I get the impression that there’s small tracks sorta alone out there that are typically the places that run the oddball packages. Like the place that runs the subarus that Dean? spoke about.
I’m guessing they made these decisions in a vacuum, ie no traveling series, just a track with a club. The package is whatever because it can be.
I am guessing dilution doesn’t even enter into their thinking, it’s just so not relevant to their scene?
Yeah, I think this is who I was seeing push the Tillotson. Remains to be seen how many tracks pick it up but Kart-O-Rama is offering the engines now and I’ve heard of a few people from the Portland area starting to test the engine. There’s a rumor that PGP may have a winter series class with this engine as well.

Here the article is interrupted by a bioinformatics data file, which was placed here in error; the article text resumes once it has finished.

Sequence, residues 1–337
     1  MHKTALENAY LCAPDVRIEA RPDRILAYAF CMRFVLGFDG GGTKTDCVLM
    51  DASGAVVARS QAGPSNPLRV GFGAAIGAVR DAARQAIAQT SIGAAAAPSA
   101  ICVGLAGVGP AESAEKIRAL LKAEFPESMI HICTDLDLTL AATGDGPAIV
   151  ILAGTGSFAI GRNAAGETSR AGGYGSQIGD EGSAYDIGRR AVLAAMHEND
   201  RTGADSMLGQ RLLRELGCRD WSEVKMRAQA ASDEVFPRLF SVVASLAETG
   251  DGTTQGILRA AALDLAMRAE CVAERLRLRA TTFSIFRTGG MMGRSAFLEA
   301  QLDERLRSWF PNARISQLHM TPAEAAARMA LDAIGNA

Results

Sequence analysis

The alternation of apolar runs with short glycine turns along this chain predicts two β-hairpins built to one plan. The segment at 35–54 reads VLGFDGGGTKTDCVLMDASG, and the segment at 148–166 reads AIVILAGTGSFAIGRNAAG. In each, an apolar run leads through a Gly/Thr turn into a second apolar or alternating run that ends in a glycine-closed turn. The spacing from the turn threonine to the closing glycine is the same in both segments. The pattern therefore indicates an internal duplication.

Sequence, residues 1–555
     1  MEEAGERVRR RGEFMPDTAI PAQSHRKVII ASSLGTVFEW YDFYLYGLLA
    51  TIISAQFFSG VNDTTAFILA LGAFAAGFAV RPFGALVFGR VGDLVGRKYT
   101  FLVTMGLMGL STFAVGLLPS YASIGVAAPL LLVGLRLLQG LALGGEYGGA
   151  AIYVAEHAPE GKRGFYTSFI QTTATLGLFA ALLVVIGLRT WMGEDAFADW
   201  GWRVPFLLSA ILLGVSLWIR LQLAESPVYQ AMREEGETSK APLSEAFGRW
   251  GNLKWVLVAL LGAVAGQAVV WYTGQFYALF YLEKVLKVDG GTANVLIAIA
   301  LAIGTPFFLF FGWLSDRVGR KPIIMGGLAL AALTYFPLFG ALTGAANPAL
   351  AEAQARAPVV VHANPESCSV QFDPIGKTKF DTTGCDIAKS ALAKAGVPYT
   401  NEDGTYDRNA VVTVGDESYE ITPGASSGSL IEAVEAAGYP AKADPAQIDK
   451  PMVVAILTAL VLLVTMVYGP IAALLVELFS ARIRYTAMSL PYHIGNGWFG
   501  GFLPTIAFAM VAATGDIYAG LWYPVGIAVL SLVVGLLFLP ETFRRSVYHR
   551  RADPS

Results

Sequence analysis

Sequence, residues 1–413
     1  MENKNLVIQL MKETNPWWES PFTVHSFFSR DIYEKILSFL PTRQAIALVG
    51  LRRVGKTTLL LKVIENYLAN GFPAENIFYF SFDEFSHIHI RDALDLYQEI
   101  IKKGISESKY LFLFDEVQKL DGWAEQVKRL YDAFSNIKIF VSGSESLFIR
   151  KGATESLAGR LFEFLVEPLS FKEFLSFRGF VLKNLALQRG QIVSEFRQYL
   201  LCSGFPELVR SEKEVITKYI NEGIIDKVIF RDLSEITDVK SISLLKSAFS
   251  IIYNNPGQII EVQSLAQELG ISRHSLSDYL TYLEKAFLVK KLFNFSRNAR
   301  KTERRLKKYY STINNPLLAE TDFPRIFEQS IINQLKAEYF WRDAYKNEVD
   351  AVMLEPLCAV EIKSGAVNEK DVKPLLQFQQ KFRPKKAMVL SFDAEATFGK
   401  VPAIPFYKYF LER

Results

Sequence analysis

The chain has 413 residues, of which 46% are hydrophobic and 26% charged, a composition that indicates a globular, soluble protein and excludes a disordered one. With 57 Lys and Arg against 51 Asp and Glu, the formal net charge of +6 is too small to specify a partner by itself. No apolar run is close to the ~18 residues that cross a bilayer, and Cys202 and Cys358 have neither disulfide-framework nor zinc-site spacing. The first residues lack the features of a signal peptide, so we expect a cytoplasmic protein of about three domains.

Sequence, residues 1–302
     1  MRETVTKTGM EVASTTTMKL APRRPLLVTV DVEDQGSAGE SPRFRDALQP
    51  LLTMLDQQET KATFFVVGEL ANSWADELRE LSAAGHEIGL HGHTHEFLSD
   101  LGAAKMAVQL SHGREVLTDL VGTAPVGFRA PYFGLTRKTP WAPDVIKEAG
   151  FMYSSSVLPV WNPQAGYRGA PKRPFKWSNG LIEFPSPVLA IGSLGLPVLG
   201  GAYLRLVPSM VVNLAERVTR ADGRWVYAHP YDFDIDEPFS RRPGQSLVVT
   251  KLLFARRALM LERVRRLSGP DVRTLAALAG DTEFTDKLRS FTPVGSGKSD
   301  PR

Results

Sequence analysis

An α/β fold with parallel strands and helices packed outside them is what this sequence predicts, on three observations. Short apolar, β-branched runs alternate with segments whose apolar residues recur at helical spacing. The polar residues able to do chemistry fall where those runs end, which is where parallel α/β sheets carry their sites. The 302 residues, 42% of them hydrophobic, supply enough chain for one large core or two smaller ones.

I’m with @DavinRS that class dilution is a bad thing.
Like I discussed before, my track was a Subaru distributor back in the day, so the 4 stroke class is all Subaru. But they stopped making that motor In Japan, and the Chinese knock off has quality concerns so they will be a dying breed. I think the only reason they haven’t switched over yet, is the crazy amount of money they all seem to have in their Subaru motors in perfromance upgrades (North of $3000 in alot of cases).
The Tilly platform is something I’m interested in, but where I’m at nobody runs them. I know there is a class of them in I think someone said Orlando? But the LO206 classes are so dominte here, that unless I lived in the shadow of a track like Orlando, with its own growing Tilly class, it’s not worth trading up because you can’t run them anywhere else. That is one of my barriers of entry that I struggle with because I had been toying with the idea of keeping my 206 but picking up a Tilly as well.